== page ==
On Monday, Sir Patrick Vallance, the top scientific adviser for the UK government during the Covid pandemic, provided testimony to the inquiry regarding the management of the outbreak. This is a summary of what we have discovered thus far.
Researchers concerned about the potential impact of ‘Eat out to help out’ program.
Vallance was inquired about the discount program for summer 2020, initiated by Rishi Sunak’s Treasury, which aimed to incentivize individuals to dine at restaurants and cafes. The question was whether any concerns were raised regarding this scheme.
He stated that the plan completely went against previous recommendations to limit interactions between households, which would have undoubtedly led to a rise in infections.
I was presented with written proof by Sunak, who stated that there were no concerns brought up during ministerial discussions about the scheme. These discussions included attendees such as Vallance and Prof Chris Whitty, the chief medical officer for England.
Vallance stated that it was clear to anyone that this would lead to a higher risk of transmission, and he believes that ministers were aware of this.
The inquiry’s counsel, Andrew O’Connor KC, asked about Mr Sunak. In response, Vallance stated that he could not remember which meetings Mr Sunak attended, but he would be shocked if any minister was unaware of the risks associated with these openings.
Boris Johnson is not proficient in the fields of science and mathematics.
Vallance expressed that it was challenging to ensure that the former prime minister fully grasped important ideas related to Covid, such as the effectiveness of lockdowns in reducing infection rates.
According to Vallance, Boris Johnson’s last encounter with science was at 15 years old and he freely admits it was not his strong suit. Vallance also mentioned that Johnson had a tendency to feign misunderstanding in order to explore alternative possibilities.
According to entries in Vallance’s diary at the time, Johnson had difficulty comprehending certain graphs. One entry noted that the prime minister was “confused” by modeling, while another stated that Johnson would struggle to grasp concepts that were explained to him six hours prior.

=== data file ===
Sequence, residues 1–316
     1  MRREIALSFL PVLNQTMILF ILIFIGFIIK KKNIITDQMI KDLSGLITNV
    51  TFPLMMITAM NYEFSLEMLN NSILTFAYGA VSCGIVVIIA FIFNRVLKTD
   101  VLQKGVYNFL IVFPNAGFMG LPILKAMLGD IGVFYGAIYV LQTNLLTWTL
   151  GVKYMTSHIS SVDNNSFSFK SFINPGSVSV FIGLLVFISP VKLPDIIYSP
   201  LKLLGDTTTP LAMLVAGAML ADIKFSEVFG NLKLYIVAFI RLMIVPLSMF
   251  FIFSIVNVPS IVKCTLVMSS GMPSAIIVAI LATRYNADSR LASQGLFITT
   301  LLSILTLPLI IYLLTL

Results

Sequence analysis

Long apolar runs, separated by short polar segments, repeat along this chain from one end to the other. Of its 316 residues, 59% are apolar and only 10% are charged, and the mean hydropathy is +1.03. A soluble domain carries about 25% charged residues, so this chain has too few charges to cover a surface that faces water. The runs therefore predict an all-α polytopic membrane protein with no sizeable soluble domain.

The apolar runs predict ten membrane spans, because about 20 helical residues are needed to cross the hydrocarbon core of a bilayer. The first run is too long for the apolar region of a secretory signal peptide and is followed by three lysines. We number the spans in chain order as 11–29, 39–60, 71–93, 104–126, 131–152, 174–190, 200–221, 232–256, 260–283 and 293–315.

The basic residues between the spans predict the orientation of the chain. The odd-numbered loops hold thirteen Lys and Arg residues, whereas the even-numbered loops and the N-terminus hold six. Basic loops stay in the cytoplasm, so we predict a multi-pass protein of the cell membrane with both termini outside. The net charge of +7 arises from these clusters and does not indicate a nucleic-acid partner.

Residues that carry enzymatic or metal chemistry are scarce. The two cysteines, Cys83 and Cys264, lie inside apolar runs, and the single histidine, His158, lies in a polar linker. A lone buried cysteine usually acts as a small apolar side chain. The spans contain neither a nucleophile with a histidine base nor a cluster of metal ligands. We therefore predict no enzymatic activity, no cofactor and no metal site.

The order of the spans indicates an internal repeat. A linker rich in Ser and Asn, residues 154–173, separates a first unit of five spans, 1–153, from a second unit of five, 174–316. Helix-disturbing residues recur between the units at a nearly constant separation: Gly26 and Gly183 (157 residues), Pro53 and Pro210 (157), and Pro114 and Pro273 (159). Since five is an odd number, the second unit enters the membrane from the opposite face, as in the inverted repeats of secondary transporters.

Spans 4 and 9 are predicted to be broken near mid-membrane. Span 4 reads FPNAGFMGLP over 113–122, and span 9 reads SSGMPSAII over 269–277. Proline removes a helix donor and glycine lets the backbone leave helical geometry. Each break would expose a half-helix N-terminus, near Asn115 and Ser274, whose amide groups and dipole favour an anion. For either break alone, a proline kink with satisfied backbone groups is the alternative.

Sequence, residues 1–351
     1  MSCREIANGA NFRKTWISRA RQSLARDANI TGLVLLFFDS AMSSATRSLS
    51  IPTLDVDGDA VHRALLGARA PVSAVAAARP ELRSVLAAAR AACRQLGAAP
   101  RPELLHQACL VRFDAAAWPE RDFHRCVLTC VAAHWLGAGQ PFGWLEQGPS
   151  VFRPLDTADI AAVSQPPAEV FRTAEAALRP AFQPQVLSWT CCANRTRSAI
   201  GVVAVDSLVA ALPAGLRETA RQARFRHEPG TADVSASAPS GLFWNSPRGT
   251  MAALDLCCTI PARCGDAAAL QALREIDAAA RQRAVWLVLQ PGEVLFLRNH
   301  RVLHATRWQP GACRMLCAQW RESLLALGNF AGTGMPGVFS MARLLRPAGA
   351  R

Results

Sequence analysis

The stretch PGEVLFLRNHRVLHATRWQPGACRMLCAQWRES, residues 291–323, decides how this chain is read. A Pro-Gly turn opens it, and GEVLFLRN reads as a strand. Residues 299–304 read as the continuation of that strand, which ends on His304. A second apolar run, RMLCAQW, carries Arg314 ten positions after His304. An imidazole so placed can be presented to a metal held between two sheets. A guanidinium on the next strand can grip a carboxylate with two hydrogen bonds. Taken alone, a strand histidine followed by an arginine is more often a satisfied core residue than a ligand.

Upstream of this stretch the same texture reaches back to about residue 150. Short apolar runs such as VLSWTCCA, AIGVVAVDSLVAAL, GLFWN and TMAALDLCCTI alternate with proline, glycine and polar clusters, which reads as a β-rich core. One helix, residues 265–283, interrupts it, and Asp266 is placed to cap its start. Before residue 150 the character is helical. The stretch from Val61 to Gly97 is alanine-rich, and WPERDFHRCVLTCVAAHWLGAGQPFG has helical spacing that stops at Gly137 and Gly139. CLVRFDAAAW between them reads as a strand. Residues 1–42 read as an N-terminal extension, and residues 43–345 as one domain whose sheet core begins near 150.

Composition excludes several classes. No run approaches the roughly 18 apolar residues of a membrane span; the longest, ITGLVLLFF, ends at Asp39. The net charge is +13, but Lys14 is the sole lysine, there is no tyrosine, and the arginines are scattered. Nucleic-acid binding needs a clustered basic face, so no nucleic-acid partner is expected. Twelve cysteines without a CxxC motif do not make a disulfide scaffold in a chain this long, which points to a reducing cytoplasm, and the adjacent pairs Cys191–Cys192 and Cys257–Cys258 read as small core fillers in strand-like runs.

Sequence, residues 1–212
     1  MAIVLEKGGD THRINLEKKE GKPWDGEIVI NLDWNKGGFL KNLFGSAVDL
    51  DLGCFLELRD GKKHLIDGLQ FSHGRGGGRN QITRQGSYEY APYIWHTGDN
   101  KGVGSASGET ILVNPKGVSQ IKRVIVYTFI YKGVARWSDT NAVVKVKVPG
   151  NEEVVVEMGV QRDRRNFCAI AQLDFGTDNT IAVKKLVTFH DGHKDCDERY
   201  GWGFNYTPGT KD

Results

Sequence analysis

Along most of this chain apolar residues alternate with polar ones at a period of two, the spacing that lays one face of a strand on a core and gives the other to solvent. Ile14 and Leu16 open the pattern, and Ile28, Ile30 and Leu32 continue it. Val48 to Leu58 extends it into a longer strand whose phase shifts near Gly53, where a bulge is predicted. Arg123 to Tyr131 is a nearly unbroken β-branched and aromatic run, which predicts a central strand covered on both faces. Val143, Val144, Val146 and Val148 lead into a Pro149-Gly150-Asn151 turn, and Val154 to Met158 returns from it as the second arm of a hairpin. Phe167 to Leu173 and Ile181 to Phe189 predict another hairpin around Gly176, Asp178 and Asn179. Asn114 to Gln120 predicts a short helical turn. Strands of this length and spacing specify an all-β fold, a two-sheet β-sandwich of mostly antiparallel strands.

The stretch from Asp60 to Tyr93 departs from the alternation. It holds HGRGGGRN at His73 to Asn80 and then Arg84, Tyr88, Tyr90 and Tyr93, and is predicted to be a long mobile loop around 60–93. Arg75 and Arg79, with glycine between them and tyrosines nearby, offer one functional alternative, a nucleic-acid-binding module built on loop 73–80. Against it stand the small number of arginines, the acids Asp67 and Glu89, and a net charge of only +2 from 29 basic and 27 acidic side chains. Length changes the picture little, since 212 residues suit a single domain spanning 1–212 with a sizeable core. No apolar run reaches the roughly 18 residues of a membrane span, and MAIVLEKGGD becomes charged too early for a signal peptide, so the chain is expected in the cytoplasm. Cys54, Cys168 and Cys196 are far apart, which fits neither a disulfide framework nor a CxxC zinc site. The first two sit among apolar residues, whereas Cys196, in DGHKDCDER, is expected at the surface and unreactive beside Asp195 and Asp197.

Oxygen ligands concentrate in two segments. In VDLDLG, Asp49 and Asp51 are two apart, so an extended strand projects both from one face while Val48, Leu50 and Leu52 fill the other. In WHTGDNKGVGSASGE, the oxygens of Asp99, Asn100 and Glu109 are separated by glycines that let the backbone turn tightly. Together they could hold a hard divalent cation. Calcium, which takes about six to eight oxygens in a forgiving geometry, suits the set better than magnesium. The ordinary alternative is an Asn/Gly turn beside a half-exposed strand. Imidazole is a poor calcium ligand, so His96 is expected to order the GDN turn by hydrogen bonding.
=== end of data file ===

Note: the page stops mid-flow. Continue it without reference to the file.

This was a widespread problem, not just in the UK. During a conference call with international scientific advisors, Vallance remembered one individual mentioning that their leader struggled to comprehend exponential curves. This caused the entire group to erupt in laughter, as it was a common issue across all countries.
Vallance believed that Johnson struggled with making decisions.
During the hearing, transcripts from Vallance’s diary were presented, documenting discussions regarding a potential second lockdown in autumn 2020. These records did not paint a favorable picture of the former prime minister.
In a previous post, Vallance expressed disappointment with the UK’s “ineffective and hesitant” Prime Minister. When asked if this opinion still stands, Vallance attributed it to a moment of frustration but also acknowledged that Johnson has been heavily influenced by the media.
Johnson refused to implement a second lockdown.
Earlier this month, evidence emerged that Johnson expressed a preference for “letting the bodies pile high” rather than implementing a new lockdown.
According to Vallance’s journal entry dated October 25, 2020, Johnson proposed the idea of “letting it all rip” during a meeting about potential restrictions. He acknowledged that there may be more casualties, but stated “so be it” and that those who pass away have lived a good life. Johnson also reportedly said that the majority of individuals who die have already reached their allotted time.
Vallance was not particularly impressed by Matt Hancock’s actions.
When questioned about his faith in the words of Matt Hancock, who was the health secretary at the time, Vallance responded politely but firmly with a negative answer. He explained to the inquiry that he believed Hancock had a tendency to make claims without a solid foundation and would do so with excessive enthusiasm and without proper evidence, only to retract them days later.
“I am unsure if that was due to excessive enthusiasm or intentional. I believe much of it was due to excessive enthusiasm, but he did say things that caught me off guard because I knew there was not enough evidence to support them.”
The United Kingdom should have implemented a lockdown earlier.
Vallance stated that although Johnson initially declared a lockdown on March 23, 2020, he was already aware by the weekend of March 14-15 that intervention was necessary.
The data from the weekend indicated that there were significantly more cases than anticipated and the spread was much wider. It was also accelerating at a faster rate than expected. The speaker stated that it was evident that action should have been taken sooner in this situation.
Vallance stated that over the weekend, a decision was made to implement all necessary measures. It would have been wise to expedite the implementation process.
Vallance received a reprimand for advocating for a lockdown.
During the investigation, it was revealed that Chris Wormald, the current and continuing top government official in the health department, and a potential future cabinet secretary, was extremely angry when Vallance urged for immediate action during a ministerial meeting in March. Vallance stated that Mark Sedwill, the previous cabinet secretary, was also irritated.
Upon learning this information, Vallance inquired with Wormald for the reason behind it. Wormald explained that it was not the content itself, but rather the manner in which it was brought up during the meeting that concerned him. He felt that it should have gone through proper channels instead of being mentioned in a ministerial meeting. However, Vallance maintains that he believes it was necessary to bring it up at that moment.